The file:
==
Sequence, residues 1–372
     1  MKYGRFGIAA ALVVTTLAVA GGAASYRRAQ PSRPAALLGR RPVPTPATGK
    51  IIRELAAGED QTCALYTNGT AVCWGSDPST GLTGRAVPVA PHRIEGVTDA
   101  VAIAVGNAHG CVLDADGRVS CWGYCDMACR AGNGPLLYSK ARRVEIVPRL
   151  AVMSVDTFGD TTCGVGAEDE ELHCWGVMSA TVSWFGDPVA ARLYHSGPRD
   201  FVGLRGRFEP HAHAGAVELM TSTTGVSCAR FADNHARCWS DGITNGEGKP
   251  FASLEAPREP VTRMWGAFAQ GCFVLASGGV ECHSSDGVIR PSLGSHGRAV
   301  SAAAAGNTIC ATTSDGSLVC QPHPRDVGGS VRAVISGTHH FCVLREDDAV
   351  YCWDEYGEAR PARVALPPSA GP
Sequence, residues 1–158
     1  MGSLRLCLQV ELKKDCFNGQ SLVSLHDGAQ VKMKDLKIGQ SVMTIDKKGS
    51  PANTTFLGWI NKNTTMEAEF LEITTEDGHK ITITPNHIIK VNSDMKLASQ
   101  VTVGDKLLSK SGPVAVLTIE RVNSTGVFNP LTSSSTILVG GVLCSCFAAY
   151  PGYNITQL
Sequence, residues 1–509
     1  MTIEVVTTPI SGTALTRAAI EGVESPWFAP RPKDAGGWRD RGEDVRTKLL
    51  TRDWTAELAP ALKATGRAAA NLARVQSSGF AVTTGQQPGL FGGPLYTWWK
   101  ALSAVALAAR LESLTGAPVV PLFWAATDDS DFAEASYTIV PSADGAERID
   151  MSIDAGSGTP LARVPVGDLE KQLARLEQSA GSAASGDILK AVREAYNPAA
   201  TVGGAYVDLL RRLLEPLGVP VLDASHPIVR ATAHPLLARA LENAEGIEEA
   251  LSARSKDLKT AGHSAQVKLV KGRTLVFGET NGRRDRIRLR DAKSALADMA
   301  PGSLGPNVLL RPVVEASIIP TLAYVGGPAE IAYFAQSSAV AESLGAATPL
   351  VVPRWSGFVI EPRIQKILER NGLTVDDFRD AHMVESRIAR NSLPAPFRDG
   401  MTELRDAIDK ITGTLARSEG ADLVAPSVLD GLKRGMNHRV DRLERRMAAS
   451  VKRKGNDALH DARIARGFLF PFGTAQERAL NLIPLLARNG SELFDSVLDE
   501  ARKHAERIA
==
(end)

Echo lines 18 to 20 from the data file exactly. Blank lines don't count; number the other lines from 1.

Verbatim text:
   101  ALSAVALAAR LESLTGAPVV PLFWAATDDS DFAEASYTIV PSADGAERID
   151  MSIDAGSGTP LARVPVGDLE KQLARLEQSA GSAASGDILK AVREAYNPAA
   201  TVGGAYVDLL RRLLEPLGVP VLDASHPIVR ATAHPLLARA LENAEGIEEA